Veganopoulous got into this Loving Hut branch early and enjoyed her visit.


Loving Hut
185 Victoria St, West Melbourne
9326 7551
entrees, mains, drinks & dessert
facebook page

Accessibility: There's a shallow ramp on entry and clear corridor through the middle of the restaurant (see top photo). Tables are medium spaced. We ordered and paid at a low counter. We didn't toilets.

Monday, November 06, 2017


October 25, 2017

Etta is a new restaurant close by where we live, but we have Tash to thank for alerting us to its opening and booking us in to try it out together. While a couple of newspaper articles have insisted that it's not fine dining like the co-owners' past businesses, we think Etta looks pretty fancy! There's a sparkly bar up front, a dimly lit dining room out back, seasonal ingredient-focused menu at special-occasion prices, and excellent service throughout. We saw plenty of veg-friendly dishes listed across the menu, but agreed to put ourselves in the chef's hand for $60 per person. 

Another signifier of fine dining is starting a meal with the best bread and butter. Etta delivered soundly on this, with crunchy-crusted pillow-soft sourdough and a memorable burnt butter that could just about be served for dessert. Rather, it was served with some refreshing pickled vegetables and a lovely macadamia-based condiment; the cabbage was sprinkled with a furikake that reminded me happily of Twisties. This appetising spread was a meal highlight for me.

Our second course comprised three dishes: a smoky beetroot carpaccio arranged over miso chimichurri and walnuts (above left), Michael's favourite tamari-roasted buttercup pumpkin sprinkled with sunflowers and dill (above centre), and new season peas with stracciatella and Sichuan (pepper, I assume!).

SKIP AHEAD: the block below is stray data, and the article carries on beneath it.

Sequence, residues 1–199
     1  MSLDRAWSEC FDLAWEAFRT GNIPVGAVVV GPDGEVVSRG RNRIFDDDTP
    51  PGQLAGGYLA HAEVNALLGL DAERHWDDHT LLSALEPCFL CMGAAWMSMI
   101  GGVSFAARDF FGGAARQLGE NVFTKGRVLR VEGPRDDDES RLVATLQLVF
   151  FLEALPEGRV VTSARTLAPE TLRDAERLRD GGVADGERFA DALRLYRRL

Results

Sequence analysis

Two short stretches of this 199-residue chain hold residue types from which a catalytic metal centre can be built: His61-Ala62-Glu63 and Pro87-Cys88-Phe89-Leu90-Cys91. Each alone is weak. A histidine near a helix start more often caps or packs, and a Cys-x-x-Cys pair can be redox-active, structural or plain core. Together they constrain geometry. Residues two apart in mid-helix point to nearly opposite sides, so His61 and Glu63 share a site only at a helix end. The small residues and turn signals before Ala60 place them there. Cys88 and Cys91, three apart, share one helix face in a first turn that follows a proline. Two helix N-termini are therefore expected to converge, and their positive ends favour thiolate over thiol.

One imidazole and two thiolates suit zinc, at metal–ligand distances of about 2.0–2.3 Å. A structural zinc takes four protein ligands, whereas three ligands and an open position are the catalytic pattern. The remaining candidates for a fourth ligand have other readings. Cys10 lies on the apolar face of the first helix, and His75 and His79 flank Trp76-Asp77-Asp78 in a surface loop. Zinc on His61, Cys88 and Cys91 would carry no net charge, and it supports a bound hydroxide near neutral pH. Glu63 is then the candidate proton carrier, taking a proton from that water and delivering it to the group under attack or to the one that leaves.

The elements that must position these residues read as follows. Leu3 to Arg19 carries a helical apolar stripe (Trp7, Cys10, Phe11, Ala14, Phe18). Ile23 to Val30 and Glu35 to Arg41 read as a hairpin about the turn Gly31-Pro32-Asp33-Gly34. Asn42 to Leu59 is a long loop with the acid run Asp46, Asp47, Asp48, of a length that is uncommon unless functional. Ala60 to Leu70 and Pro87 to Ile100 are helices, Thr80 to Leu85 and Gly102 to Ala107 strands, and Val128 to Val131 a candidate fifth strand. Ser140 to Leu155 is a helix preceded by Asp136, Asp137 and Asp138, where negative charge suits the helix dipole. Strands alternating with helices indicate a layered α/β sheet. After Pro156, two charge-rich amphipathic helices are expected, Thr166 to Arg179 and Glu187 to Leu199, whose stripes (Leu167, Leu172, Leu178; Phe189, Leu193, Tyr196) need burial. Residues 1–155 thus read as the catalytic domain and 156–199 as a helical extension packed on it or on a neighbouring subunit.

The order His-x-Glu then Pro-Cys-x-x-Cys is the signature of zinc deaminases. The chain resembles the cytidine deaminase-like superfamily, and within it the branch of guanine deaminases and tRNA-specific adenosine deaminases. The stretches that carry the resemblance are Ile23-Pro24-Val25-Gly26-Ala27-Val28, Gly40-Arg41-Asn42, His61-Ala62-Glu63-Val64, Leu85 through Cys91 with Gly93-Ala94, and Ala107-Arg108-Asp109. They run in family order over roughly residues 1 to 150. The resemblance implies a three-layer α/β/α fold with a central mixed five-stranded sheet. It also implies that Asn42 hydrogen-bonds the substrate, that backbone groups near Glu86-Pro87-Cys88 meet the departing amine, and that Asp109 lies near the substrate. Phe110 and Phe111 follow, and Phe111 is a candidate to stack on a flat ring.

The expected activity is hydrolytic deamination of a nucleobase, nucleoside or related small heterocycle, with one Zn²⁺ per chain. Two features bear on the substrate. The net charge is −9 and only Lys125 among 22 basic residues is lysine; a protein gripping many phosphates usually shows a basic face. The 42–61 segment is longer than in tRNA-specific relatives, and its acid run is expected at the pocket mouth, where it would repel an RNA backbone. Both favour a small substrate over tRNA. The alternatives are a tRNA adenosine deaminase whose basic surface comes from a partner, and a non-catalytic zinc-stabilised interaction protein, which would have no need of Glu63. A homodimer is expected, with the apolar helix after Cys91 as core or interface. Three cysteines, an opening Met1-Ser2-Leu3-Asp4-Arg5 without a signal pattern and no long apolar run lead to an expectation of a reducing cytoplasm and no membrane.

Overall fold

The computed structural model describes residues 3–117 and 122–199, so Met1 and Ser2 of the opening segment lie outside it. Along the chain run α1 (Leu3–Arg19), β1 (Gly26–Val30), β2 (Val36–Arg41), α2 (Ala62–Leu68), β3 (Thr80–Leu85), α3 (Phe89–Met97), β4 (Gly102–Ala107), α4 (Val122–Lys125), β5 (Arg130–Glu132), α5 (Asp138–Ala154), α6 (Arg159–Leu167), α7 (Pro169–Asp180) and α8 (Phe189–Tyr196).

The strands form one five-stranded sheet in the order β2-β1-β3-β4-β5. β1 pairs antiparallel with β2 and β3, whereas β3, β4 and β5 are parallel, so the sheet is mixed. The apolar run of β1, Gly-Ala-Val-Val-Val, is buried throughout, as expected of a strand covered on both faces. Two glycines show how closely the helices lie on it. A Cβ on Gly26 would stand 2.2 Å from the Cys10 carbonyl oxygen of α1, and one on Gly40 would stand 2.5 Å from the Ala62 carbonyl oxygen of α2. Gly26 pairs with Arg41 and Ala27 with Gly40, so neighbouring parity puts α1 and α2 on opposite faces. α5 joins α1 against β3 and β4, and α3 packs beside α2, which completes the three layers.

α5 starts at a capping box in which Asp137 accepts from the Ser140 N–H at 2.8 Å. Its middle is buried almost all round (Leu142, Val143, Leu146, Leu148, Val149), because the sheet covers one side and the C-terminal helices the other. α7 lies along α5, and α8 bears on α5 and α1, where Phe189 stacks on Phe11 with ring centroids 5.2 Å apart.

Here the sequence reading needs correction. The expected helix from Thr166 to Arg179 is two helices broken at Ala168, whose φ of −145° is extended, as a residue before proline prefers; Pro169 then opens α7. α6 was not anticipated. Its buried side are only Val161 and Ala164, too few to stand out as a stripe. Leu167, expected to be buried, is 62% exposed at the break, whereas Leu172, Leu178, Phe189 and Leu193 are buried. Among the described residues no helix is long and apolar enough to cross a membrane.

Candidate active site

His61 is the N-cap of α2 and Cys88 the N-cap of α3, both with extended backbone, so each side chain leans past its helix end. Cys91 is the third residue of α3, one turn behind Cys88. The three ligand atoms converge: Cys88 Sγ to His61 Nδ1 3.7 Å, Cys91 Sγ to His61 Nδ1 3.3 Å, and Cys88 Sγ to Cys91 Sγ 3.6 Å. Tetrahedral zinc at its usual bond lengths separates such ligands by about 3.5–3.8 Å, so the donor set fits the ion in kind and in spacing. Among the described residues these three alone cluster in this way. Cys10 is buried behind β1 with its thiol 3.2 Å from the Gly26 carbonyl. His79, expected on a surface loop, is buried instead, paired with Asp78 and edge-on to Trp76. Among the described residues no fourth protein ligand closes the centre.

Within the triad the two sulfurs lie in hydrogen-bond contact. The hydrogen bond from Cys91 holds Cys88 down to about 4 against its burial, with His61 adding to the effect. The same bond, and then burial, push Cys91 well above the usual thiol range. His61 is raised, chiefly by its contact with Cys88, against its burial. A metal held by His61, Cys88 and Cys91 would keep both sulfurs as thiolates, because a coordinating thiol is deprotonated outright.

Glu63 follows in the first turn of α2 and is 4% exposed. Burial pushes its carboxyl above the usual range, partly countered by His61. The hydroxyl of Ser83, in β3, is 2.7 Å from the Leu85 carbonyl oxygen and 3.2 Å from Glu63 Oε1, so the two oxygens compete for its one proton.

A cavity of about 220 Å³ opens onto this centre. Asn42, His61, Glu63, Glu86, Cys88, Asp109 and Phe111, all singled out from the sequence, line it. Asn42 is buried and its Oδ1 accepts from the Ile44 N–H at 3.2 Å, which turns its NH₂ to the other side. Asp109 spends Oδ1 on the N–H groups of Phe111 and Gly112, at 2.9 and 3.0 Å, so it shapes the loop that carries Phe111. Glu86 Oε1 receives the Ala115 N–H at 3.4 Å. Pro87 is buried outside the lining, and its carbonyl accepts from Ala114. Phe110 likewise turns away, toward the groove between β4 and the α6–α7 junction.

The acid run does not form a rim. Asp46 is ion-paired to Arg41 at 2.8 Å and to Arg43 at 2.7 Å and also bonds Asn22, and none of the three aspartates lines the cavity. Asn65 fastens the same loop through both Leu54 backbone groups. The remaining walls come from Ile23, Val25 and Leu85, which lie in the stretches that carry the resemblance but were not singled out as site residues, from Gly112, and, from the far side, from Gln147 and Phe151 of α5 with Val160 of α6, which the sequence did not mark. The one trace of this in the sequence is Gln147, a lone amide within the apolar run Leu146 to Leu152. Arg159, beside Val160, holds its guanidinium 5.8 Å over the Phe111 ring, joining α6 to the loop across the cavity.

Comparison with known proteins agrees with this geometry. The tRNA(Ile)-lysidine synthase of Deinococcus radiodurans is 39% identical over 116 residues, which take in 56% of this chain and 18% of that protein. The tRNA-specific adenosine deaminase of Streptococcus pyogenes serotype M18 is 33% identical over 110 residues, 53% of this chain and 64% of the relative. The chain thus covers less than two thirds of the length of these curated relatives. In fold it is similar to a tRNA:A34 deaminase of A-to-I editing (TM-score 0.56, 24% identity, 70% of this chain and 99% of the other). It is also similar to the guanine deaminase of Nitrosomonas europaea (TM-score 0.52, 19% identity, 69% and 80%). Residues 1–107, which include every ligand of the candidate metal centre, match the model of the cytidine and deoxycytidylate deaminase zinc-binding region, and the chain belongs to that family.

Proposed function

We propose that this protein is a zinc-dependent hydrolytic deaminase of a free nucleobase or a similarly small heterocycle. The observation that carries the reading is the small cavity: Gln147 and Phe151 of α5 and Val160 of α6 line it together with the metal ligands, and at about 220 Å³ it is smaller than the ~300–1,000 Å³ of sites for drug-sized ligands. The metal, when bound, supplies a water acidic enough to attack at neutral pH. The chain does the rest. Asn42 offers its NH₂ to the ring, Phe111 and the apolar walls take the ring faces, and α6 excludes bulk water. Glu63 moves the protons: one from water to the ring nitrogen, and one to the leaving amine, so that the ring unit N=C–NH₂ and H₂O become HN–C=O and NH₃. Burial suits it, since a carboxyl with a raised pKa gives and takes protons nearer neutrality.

The third course of savoury dishes was just a little heftier: Tash's favourite mushrooms la greque on a smoked tofu puree (above left), fettucine with globe artichokes, hazelnut and sage (above centre), and a side of green asparagus seasoned with furikake (less Twistie-flavoured here).

For dessert, we were served roasted banana icecream with coconut mousse, jelly and a salty peanut-coconut crumble. Roasting meant the banana flavour was concentrated and a bit much for Michael, but I enjoyed it very much; the salted peanut crunches in the crumble were what made this dish special.

This was a meal of high quality and high consistency, as demonstrated by our differing favourites; it was only our individual ingredient hang-ups (rubbery mushrooms for me, bananas for Michael) that occasionally disrupted our enjoyment. Since a lot of dishes contained dairy we're unsure what a vegan menu might look like, but the flexible 'leave it to us' option and the enthusiastic use of vegetables (and a bit of tofu) leave us optimistic. We reckon coeliacs will do well too.

Service was eager and accessible whenever we needed it. We feel similarly eager to return with the change of the seasons and discover more of what Etta can do.


60 Lygon St, Brunswick
9448 8233

Accessibility: The entry is flat and there is one step up from the bar area to the dining area. Tables are moderately spaced and lighting is quite dim. We received full table service. Toilets are unisex and spacious, but we didn't notice handrails or other mobility aids.